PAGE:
Bali, Indonesia. Prior to visiting, I pictured its white sand beaches as a haven for honeymooners and a hot spot for surfers. While all of this exists on the southern end of the island, there are also areas where one can get away from the sunscreen-slathered tourists. This is what I hoped to explore, and Ubud — the cultural heart of the island and a crossroad for traditional art, dance and music — was a great place to start.
Going Local On Tour
Life runs at a different pace when you’re living snuggled between rice paddies at the foothills of the steep Gianyar regency, and I wanted to submerse myself. I’m skeptical of tours that promise to show the “real” life of locals, but when a friend and well-respected world traveler recommended Bali EcoCycle Tour, I decided to give it a chance. It sounded too good to be true, especially when the company promised “throngs of Balinese children” lining the country roads, “calling out ‘hellos’ and wanting high fives on the way down”; however, the tour was everything promised and more.
We started with a breakfast of banana pancakes and black rice pudding, looking out over a crater lake reflecting an active volcano. We swung like monkeys from enormous Bunyan trees, munching on bananas. We got stuck in the mud, hiking through rice paddies on our way to greet a cow so cute we never wanted to eat beef again. We were welcomed into a Balinese compound where women made traditional handicrafts and danced Gangham-style with local children, rocking out to an old-school radio. Little piles of petals in bamboo boats literally lined the streets, doorsteps and gutters of Ubud, as women made daily offerings to appease the gods and keep away the demons. In the compound, we learned about Balinese Hindism — a unique facet of Bali compared to the rest of Indonesia — which houses one of the largest Islamic populations in the world.
An Introduction To Kopi Luwak
While all these experiences were memorable, the highlight of the tour was trying Kopi Luwak, one of the most expensive and rare coffees in the world. Kopi — the Indonesian word for coffee — Luwak comes from Sumatra, Java and Sulawesi in Indonesia’s Archepelago islands. The beans that compose this coffee take an interesting path before the typical roasting, grinding and serving into your cup. Our tour guide introduced us to the residential Asian palm civet, the animal that makes the magic happen. These cat-like creatures eat the highest quality beans, partially digest the food’s fleshy exterior and excrete what’s left (thus, “cat-poo-chinno”). These excreted beans are cleaned, fermented, dried, roasted, ground and brewed to create the world-renowned coffee that is Kopi Luwak.
Legend has it that when Indonesia was a Dutch colony, plantation owners forbade workers from picking coffee beans for their own use. Apparently, a curious — and potentially desperate — soul might have picked out beans left in droppings of the civet and roasted them into what became a luxury item. Since only a limited amount of beans are harvested this way, Kopi Luwak became one of the worlds’ priciest specialty coffees, sold for up to $180 a pound. The acids and enzymes in the civet’s stomach are said to impart a syrupy, heavy and full-bodied flavor, and a musty earthiness that is highly valued by coffee connoisseurs. There have even been efforts to exploit this lucrative market by making knock-offs that chemically mimic the effects of passing these beans through the digestive tract. Supposedly, the chemical reactions due to acids and enzymes in the civet’s stomach lead to a unique taste and flavor.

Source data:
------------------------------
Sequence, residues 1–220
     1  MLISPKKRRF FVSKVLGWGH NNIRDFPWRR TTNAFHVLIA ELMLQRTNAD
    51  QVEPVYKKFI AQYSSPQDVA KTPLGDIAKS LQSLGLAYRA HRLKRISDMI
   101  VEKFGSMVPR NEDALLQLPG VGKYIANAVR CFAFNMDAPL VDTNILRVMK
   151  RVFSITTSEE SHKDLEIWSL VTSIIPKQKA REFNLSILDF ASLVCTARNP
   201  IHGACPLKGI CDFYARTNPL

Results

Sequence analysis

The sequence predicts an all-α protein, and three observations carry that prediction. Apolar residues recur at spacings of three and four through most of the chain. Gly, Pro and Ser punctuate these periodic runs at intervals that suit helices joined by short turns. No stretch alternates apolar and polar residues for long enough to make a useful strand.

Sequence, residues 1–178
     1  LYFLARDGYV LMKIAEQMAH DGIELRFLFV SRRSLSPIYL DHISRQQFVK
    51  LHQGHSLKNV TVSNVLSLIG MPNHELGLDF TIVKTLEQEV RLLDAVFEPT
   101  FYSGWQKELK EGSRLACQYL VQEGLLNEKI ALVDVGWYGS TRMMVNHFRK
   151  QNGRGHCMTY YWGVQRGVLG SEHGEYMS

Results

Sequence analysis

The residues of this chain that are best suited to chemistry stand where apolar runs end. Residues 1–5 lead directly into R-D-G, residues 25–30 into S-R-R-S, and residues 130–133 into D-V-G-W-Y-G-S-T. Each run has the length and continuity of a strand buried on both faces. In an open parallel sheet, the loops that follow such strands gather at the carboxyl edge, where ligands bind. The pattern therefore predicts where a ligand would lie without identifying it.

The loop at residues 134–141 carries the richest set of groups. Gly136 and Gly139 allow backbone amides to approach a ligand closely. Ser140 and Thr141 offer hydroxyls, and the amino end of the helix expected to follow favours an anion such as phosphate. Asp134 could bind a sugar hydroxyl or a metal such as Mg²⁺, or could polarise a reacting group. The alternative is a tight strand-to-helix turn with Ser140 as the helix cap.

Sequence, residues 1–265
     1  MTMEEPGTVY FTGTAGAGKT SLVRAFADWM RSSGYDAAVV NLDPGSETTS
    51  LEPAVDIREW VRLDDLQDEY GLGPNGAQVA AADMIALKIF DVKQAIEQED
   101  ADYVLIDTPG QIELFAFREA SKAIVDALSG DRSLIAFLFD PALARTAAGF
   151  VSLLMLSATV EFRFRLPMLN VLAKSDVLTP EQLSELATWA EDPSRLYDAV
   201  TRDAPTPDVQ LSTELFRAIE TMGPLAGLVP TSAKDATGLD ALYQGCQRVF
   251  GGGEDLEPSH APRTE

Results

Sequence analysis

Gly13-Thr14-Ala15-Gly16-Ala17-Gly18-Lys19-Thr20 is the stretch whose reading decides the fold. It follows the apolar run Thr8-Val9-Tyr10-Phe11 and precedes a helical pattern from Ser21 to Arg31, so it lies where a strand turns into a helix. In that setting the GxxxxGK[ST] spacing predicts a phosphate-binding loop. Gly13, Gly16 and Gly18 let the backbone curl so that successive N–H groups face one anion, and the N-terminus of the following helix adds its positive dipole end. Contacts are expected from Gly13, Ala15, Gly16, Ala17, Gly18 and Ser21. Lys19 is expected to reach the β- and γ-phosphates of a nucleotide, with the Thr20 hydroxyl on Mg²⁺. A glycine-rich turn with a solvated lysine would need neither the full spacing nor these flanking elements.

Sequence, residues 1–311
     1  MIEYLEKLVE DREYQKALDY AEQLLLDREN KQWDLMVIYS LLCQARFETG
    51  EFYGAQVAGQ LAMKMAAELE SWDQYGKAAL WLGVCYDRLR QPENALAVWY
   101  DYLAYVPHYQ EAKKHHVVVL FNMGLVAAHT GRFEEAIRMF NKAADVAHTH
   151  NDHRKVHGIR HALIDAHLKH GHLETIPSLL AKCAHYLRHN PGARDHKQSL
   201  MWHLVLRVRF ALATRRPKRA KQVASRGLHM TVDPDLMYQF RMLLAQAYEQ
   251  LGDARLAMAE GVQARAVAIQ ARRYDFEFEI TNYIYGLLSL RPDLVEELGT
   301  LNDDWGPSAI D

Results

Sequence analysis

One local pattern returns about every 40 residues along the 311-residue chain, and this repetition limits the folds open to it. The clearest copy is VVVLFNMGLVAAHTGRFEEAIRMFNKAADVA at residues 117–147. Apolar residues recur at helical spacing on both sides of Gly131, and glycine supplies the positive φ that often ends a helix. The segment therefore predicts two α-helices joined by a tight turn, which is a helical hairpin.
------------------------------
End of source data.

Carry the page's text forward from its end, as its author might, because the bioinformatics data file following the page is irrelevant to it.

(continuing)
It has been said by U.S.-based food and drink critic and coffee connoisseur Chris Rubin, “The aroma is rich and strong, and the coffee is incredibly full bodied, almost syrupy,” he says. “It’s thick with a hint of chocolate, and lingers on the tongue with a long, clean aftertaste. It’s definitely one of the most interesting and unusual cups I’ve ever had.”
Sampling Local Kopi Culture
While in Bali, I decided to subdue the slight nausea that came with imagining drinking a beverage that came out the rear end of a fur ball, and ordered a cup. A woman in traditional clothing constructed a water-boiling contraption then poured me a mug of this thick consistency caffeinated concoction. I braced myself for feline funkiness, but the coffee was pretty anti-climatic, in a good way. Although I wasn’t instantly transported into swirls of syrupy chocolate, it certainly wasn’t undrinkable. I’m glad I tried it for the novelty, however, my future coffee orders will remain “cream and sugar, hold the digestive enzymes!”
About The Author
Katie Foote is a doctoral student who loves exploring the world every chance she gets. When she’s not satisfying her gypsy soul and itchy feet, she likes swimming, cooking international dishes, yoga and trying new things. She tries to live by Mark Twain’s quote: “Twenty years from now, you will be more disappointed by the things you didn’t do than by the ones you did do. So throw off the bowlines. Sail away from the safe harbor. Catch the trade wind in your sails. Explore. Dream. Discover.” Check out Katie’s blog to follow her adventures around the world.
Latest posts by Katie Foote (see all)
- What Is Permaculture? (And How You Can Volunteer To Help Sustainable Agriculture) - April 17, 2014
- Beyond Wine And Fish: Ultra-Fresh Seafood And Craft Beer Pairings At Spike Africa’s In San Diego, California - April 1, 2014
- Ethical Travel: Should You Visit Thailand’s Long Neck Women Villages? - March 11, 2014
- Food Travel: Top 14 Culinary Experiences To Savor In 2014 - March 5, 2014
- Charleston Best Bites: The Vegetarian Issue - March 3, 2014